A critical issue in contemporary government is succession planning—which very few agencies do, and even fewer do well. As virtually all observers contend, an improving economy and an aging workforce will result in a massive wave of retirements, particularly among those who have reached senior management and executive levels. Who will replace these retiring civil servants, and what background will they need?
The Executive Core Qualifications deployed by the U.S. Office of Personnel Management are research-grounded and serious guidelines for the competencies required for the Senior Executive Service in the Federal government. But these competencies do not suddenly appear when someone enters a Candidate Development Program; they develop over a career in which civil servants rise through the ranks.
George Mason University’s Schar School of Policy and Government is designing a series of developmental programs that identify, at each of the basic stages of a Federal career (Team Leader; Supervisor; beginning Manager; senior Manager…and, of course, Senior Executive) what those ECQ competencies should look like, as well as what mastery of those competencies at that level would be and the behaviors that indicate that mastery.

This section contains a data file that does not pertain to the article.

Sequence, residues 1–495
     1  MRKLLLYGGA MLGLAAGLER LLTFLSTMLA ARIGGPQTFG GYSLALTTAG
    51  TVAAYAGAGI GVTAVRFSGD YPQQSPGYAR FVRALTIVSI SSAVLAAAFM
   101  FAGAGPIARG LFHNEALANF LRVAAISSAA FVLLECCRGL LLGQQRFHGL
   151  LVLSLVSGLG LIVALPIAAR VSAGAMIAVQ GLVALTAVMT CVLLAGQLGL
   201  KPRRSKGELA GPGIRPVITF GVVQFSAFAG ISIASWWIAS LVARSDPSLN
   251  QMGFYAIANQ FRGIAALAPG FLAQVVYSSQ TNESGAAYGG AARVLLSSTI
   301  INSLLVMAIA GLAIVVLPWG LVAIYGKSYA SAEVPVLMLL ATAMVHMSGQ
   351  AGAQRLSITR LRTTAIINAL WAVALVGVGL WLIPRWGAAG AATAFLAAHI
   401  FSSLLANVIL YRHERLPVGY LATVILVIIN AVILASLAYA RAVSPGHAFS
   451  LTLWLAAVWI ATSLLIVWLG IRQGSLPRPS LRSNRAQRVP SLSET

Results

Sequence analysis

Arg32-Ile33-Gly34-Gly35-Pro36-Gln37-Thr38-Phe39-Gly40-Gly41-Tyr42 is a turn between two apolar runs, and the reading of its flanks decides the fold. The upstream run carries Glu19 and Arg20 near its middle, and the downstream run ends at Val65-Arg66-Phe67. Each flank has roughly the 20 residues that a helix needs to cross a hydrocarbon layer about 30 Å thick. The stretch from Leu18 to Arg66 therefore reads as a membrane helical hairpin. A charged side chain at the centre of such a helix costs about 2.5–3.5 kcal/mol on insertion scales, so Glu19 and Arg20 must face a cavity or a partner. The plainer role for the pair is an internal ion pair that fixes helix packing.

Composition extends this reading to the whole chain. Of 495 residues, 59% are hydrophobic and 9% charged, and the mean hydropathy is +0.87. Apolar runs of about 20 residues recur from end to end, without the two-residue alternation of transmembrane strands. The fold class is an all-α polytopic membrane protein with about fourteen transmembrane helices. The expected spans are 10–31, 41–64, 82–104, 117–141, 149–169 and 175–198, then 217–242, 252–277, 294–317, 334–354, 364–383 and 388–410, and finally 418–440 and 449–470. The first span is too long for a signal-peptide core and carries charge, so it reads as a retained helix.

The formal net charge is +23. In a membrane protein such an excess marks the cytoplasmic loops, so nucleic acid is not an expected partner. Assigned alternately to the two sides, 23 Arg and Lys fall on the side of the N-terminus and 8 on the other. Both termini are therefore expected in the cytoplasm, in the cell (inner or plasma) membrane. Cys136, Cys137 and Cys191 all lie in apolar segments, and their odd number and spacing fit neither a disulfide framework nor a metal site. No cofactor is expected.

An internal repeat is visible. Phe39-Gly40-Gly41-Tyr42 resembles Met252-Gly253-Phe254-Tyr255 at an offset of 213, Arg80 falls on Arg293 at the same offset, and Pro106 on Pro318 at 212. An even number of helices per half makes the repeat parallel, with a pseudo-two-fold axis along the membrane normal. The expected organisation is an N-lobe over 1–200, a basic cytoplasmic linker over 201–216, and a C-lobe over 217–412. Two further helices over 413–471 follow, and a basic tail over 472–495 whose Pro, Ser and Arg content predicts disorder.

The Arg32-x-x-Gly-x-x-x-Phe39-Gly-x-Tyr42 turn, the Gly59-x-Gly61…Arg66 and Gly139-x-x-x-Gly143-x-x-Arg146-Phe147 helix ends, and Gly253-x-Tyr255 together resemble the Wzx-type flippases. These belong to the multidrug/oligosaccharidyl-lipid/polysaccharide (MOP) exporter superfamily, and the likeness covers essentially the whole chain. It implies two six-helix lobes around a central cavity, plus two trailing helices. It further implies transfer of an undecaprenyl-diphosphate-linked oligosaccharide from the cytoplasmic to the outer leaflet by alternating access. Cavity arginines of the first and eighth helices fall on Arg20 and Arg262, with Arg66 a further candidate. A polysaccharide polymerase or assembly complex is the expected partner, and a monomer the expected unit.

This series of programs will be a roadmap for succession planning in government. Not only will individuals have a clear idea of what they need to master in order to advance in their careers and what behaviors they will need to exhibit, but also those who will be evaluating the aspiring careerists will have a clear idea, across agency lines, of how to evaluate aspirants’ readiness for promotion.
The first two programs in the series are designed for individuals seeking to advance toward the Senior Executive level. The first—Manager to Leader—is aimed at those making the transition from supervisor to manager, and introduces the leadership elements that they will need to develop to succeed in that position. The second—the Senior Leadership Development Seminar—is aimed at those who have been managers for at least five years and conveys the ways in which these managers can exercise their leadership capabilities and their knowledge of their organizations to achieve higher levels of organizational performance.